Steel armor plates could be lighter if it wasn’t for the concern of spall and fragmentation. Spall and fragmentation happen when a bullet impacts an armor plate at high-speed causing the bullet to defect into a different direction or to break up into pieces. For this reason, steel armor plates must have some sort of a material that acts as a shield to catch the impacted bullet, without it, a bullet or piece of it could easily bounce off the armor plate into a vital part of your body like your neck.

This is a concern and the reason why an anti-spall base coat build up is necessary with AR500 steel plates, but this additional base coat build up can add up to an extra pound in weight to the already heavy steel. Even with a standard amount of anti-spall material applied to a steel plate, it’s possible to have some bullet fragmentation leave the safety of the base coat material and enter another part of your body that is not protected with armor. Spall and fragmentation are not a concern in regards to ceramic and UHMWPE plates. UHMWPE and ceramic plates are designed to expand and hold the impacting bullet within the armor plate. These plates will actually increase in thickness after taking rounds. Of course, UHMWPE can do it at a fraction of the weight compared to ceramic.

When researching armor plates also take into consideration the multi-hit capability of the plate. The manufacturers listed in the next paragraph are producing plates that are rated to take a minimum of 6 rounds from a .308 caliber rifle. Not that you would necessarily still be standing in the same position after taking just a few of those hits, but it’s nice to know the level of abuse the plates are capable of taking.

The National Institute of Justice or NIJ is the U.S. Department of Justice regulatory agency that has established what constitutes different levels of ballistic resistance. Never buy body armor that is not NIJ rated! Level III NIJ rated plates have the ballistic resistance to stop at least 1 rifle round of 7.62 x 51 mm (.308) full metal jacket with a specified mass of 147 grains traveling at a velocity of 2,780 feet per second. Level III armor will stop rounds from a vast majority of military rifles including M-4s and AK-47 type rifles.

With that said, keep in mind that level III plates will not stop armor piercing rounds; if you believe you will be facing the threat of armor-piercing rounds during TEOTWAWKI, you will have to opt for steel or ceramic level IV NIJ certified plates and cope with bringing the weight back up to 9-10 pounds per plate, there are no manufacturers that are offering 100% UHMWPE level IV plates. Weigh your priorities! Having the advantage of being able to wear your plates all day long and even run with them far outweighs the concern of armor piercing rounds. Again, it’s likely that even if I had level IV plates I would hardly ever wear them because they are so heavy.

Several different companies offer UHMWPE plates including Spartan Armor Systems, RMA Armament, and DKX Max Armor, all of which offer NIJ certified ballistic grade plates. After significant research, I decided on 2 DKX Max UHMWPE plates. One being a 10 by 12-inch curved shooters cut plate designed for protecting the front of your torso and the second being a 10 by 12-inch curved square cut plate designed for protecting your back. The shooters cut weighs only 2.9 pounds and the square cut weighs 3.2 pounds.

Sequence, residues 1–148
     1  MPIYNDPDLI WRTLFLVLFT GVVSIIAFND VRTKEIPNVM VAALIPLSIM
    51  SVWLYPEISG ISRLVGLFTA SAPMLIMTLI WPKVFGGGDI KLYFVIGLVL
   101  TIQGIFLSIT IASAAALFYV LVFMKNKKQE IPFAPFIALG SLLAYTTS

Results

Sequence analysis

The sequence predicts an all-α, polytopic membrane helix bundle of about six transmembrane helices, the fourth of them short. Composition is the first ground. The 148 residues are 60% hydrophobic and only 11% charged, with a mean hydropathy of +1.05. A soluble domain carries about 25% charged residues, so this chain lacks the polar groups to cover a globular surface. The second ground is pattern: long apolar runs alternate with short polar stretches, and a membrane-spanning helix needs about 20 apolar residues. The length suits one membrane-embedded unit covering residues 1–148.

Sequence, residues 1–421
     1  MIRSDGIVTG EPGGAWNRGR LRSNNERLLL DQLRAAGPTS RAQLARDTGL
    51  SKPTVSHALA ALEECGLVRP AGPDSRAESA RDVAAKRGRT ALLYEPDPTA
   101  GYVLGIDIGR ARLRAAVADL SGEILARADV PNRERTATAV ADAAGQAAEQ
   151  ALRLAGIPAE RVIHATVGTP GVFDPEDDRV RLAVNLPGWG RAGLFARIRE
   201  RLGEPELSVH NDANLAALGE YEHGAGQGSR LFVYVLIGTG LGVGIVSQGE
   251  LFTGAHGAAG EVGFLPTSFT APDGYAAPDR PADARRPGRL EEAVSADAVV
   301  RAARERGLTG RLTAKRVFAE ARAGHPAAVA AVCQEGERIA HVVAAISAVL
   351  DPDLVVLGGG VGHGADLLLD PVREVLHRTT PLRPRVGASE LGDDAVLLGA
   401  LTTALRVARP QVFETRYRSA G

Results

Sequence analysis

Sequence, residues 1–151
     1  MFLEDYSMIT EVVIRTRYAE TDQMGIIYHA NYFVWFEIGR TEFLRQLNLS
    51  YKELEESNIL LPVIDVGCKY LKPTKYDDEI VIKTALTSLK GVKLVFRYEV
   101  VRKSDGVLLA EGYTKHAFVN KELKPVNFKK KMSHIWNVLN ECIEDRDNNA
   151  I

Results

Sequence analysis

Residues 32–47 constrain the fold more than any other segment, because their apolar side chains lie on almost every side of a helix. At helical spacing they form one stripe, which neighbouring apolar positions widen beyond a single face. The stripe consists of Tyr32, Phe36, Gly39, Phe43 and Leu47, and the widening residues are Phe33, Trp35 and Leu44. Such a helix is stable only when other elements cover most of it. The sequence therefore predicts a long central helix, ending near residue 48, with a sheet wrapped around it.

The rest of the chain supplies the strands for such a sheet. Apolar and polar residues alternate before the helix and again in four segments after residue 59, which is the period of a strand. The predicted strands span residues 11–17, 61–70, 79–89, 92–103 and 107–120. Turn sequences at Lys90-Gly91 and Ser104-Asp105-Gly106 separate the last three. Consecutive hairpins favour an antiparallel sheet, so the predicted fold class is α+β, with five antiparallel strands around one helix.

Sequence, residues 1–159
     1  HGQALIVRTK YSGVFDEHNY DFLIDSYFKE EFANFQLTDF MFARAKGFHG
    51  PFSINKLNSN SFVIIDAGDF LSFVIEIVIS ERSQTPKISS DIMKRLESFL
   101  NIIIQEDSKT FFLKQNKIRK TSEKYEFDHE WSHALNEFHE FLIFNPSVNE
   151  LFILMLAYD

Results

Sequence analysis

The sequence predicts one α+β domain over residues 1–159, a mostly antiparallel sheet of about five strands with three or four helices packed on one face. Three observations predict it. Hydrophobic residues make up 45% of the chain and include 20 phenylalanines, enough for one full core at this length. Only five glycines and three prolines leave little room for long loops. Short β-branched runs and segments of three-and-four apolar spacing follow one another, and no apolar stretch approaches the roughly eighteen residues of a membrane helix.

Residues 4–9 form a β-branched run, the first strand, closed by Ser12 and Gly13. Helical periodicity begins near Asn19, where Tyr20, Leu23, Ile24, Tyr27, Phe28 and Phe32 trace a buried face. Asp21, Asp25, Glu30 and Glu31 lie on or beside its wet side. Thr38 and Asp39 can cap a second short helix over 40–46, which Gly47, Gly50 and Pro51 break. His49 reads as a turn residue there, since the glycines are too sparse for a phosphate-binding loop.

The shooters cut has the top corners removed so the plate doesn’t interfere when raising your side arm or shouldering your rifle. You don’t have to worry about the rear plate interfering with your movements so having a square cut plate, which offers greater coverage just makes sense. Both plates are curved to hug your torso, which significantly increases comfort and makes wearing a plate carrier with plates for an extended period of time much easier. DKX plates are constructed of a premium type of patented UHMWPE called Dyneema.

On a weight-by-weight comparison basis, Dyneema is 15 times stronger than steel. Given the fact that armor plates are used to save lives it’s necessary to consider where the plates were constructed and the source of the raw materials. I feel more comfortable knowing that if a life may be on the line the product was manufactured in the USA from material in the USA and this is the case with DKX plates. So consider picking up a pair for yourself!

Currently, the majority of all law-abiding citizens in the US can legally buy body armor as long as you don’t have a criminal record. The only state that does not allow its citizens to purchase body armor is Connecticut. That is until the house and senate pass a bill outlawing civilian ownership of body armor.

There have already been steps taken by elected officials to ban civilians from owning body armor. For several years Representative Michael Honda of California with 7 bill co-sponsors backing him have been attempting to push H.R.378 the Responsible Body Armor Possession Act through the house and senate.

If passed this act would prohibit the possession, ownership or purchase of enhanced body armor by civilians with a few exceptions. The exceptions consist of allowing those who have owned armor prior to the date of the act passing to maintain ownership, also known as being grandfathered in. Additional exceptions would be granted for civilian personnel who work under a federal or state agency where the possession of body armor is necessary. This proposed act should serve as proper motivation to acquire body armor plates now while you still have the legal opportunity to do so.

If you too are a prepper, who has invested money in firearms that may be used to defend the lives of your loved ones during TEOTWAWKI, I urge you to acquire light weight UHMWPE armor plates for your protection, one day they might make the difference between life and death. Please remember, a knight that walks onto the battlefield with a sword and no armor is not ready for the battlefield.

M.D. Creekmore

Owner / Editor at MDCreekmore.com
Hello, I’m M.D. Creekmore. I’ve been interested in self-reliance topics for over 25 years. I’m the author of four books that you can find at Amazon.com as well as Barnes and Noble. Over the years, I’ve learned a lot about prepping, homesteading, and self-reliance topics through first-hand experience and now I want to share what I’ve learned with you.
M.D. Creekmore